We open on John Anderton strutting through a mall. It's 2054. As he walks his retinas are being scanned, and personalised holographic messages are beamed directly into his eyes.
"Hello, John Anderton. You could do with a Guinness right about now?" shouts the sort of annoying dickhead you'd want to drown in a bathtub of Guinness.
"Get away, John Anderton, forget your troubles." says a beautiful air hostess-type, being as persuasive as a pot-holing holiday to a Chilean miner.
Why, in the future, is the advertising always so shit?
Has the gene pool eradicated any lasting genetic code from Abbott, Bogusky, French, et al?
Whenever a film offers a vision of the future, advertising adopts its usual role: a symbol of a morally bankrupt world. A world sick with rampant consumerism that will stop at nothing for your time and money.
In the real world, the story is pretty much the same; even when a friend regurgitates "I'm on a horse", or pretends to drum like a gorilla, they'll still, when asked, say that advertising is a poo that needs flushing.
For Minority Report Spielberg got together a think tank of scientists, philosophers, etc. to make detailed and considered guesses on future technologies—from cars and architecture to telecommunications and drugs.
Obviously none of them spent any time writing a decent ad (although that would be an interesting bit of business for an agency to pick up), because that's the hard bit. No, instead, their ideas tapped into the obvious: advertising will get more invasive and more sinister.
Of course, I know, it's a bloody film. But forgetting that detail, it is interesting how films, (actually any kind of future gazing) always have the same ideas. Try it yourself; think about advertising in the future. You'll go down a couple of roads, and then end up with invasive media ideas and products that have become more intelligent.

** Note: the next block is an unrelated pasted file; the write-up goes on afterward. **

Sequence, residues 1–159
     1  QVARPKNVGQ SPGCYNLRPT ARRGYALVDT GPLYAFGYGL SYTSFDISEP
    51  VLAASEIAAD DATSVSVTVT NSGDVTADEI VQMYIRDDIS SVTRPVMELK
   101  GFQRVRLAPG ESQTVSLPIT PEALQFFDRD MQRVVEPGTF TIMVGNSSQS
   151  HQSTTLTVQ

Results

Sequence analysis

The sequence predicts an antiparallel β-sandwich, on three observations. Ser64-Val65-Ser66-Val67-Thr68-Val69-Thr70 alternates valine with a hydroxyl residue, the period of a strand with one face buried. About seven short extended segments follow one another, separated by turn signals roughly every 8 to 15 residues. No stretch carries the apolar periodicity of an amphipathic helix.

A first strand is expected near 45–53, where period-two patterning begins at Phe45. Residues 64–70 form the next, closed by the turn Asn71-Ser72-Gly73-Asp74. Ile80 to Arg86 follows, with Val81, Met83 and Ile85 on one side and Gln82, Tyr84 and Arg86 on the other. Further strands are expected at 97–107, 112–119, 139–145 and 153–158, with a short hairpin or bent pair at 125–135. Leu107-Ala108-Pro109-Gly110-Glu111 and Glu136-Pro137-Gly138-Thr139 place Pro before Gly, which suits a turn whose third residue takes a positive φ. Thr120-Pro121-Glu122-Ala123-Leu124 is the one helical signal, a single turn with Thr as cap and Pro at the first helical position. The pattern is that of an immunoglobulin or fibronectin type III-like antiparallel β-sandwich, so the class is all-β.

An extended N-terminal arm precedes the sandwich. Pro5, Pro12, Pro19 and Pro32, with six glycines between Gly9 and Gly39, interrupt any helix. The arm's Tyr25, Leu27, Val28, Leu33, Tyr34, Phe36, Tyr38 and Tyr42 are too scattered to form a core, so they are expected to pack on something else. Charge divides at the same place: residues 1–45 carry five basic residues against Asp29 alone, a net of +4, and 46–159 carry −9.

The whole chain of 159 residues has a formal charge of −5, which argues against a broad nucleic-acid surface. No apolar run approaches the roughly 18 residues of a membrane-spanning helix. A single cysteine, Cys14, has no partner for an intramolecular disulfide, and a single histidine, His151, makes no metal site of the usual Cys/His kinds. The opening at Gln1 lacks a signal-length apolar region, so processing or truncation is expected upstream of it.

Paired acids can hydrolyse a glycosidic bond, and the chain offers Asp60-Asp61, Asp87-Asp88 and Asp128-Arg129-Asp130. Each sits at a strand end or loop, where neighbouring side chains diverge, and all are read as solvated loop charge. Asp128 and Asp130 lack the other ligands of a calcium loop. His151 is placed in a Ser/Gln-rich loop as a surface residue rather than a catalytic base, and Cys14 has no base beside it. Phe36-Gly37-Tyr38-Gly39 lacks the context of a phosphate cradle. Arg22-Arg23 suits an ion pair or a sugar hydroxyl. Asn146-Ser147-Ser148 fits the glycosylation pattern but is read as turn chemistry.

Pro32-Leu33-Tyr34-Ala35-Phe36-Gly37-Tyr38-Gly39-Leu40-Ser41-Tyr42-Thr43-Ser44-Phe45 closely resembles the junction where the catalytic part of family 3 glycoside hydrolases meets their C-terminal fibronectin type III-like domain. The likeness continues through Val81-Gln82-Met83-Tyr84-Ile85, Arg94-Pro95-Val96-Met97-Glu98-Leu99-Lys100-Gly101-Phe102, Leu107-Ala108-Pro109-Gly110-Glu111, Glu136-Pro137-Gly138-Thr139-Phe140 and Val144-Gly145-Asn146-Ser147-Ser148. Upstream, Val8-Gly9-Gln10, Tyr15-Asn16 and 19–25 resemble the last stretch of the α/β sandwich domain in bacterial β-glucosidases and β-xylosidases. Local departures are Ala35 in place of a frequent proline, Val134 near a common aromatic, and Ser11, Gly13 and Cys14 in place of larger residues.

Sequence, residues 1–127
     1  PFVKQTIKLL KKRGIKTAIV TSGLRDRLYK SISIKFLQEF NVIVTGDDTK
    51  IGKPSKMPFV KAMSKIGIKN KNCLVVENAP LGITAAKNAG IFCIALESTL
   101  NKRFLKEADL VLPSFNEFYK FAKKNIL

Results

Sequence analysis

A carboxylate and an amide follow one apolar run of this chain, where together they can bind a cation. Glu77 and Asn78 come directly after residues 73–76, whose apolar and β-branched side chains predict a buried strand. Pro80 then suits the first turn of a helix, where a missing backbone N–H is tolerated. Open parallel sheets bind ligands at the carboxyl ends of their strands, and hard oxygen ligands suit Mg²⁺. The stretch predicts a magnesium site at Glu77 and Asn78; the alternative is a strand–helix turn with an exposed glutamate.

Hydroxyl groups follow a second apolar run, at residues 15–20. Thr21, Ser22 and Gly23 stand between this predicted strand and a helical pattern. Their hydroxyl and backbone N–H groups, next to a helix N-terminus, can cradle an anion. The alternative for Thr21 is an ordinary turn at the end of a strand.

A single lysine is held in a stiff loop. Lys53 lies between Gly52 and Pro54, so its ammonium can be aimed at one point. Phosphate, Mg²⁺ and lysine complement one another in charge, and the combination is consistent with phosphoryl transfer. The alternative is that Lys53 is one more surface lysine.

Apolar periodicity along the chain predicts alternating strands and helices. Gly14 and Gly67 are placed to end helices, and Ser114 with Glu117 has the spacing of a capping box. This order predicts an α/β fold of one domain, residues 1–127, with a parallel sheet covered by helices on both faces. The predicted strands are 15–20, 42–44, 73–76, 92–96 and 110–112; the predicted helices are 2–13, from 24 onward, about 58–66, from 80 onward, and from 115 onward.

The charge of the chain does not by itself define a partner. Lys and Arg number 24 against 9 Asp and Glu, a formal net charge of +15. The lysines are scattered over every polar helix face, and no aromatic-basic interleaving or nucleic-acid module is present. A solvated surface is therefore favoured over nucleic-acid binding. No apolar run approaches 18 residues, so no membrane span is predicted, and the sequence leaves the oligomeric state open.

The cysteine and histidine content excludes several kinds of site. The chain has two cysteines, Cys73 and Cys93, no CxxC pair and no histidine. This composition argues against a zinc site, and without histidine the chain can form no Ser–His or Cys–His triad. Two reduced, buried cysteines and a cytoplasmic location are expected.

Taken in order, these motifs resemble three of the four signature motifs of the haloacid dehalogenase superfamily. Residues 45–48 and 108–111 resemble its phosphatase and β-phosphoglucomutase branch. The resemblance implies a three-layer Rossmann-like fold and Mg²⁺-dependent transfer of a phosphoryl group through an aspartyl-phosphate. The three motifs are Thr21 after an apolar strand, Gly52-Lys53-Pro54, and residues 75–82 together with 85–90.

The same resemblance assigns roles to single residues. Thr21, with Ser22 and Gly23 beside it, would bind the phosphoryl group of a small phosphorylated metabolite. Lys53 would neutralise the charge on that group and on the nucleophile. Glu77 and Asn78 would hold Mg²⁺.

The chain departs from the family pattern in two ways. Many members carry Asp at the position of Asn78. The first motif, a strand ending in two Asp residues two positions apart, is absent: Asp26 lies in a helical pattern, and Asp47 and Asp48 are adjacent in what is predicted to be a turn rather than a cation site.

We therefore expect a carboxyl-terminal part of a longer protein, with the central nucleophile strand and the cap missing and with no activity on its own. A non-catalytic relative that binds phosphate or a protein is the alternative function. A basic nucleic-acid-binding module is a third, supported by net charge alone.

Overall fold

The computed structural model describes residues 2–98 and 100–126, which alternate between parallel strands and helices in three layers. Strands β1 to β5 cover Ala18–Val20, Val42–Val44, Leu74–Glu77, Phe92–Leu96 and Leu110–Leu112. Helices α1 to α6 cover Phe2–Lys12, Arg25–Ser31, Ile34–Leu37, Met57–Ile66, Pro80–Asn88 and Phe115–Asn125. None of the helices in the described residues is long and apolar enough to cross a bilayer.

Now, forget those two things, and try instead to think of a good cartoon character, a funny slogan or catchphrase, a short film that will make someone piss themselves, a storyline that will make an audience cry.
Hard. Actually, pretty impossible. It's a tough job right now, never mind in 60 years time.
Just ask the people in 1950, who thought that by the year 2001 we'd have robot butlers and intelligent kitchens, why they couldn't predict the obvious hilarity of Curb Your Enthusiasm.
The boring fact is this: the things that made people laugh, cry, worry, envy in 1950 are in principle (though, mostly, not in execution) the same as in 2000.
The one thing that gets forgotten in all these predictions, is the one thing that doesn't really change, people's brains.
Technology doesn't change us. It just allows, moulds, highlights behaviours that are hardwired into our brain's software. As one advertising legend once said—"It took millennia for our brains to develop; it will take millennia for them to vary even a little bit."
For example, the millions invested in social media (not to mention the millions of power-point slides), boils down to teenagers, being able to bitch with one another, whilst they watch American Idol; or friends using Facebook to upload pictures, just to rub their friends faces in their incredible social life.
In this respect, if advertising that is beamed into your retina does not appeal to you on an emotional, intellectual, gut level, it will be worthless and ignored. No different to the fate of every shit piece of junk mail today.
It will, as in the past, come down to creativity, which you just can't predict.
It's not exciting, but it is the future, and if you don't agree? Well, when the time comes, you can just talk to my Apple Data-RaX Hand because my cryogenically thawed face ain't listenin'.
Dave Bedwood is creative partner at Lean Mean Fighting Machine.
Brought to you by: The Trade Desk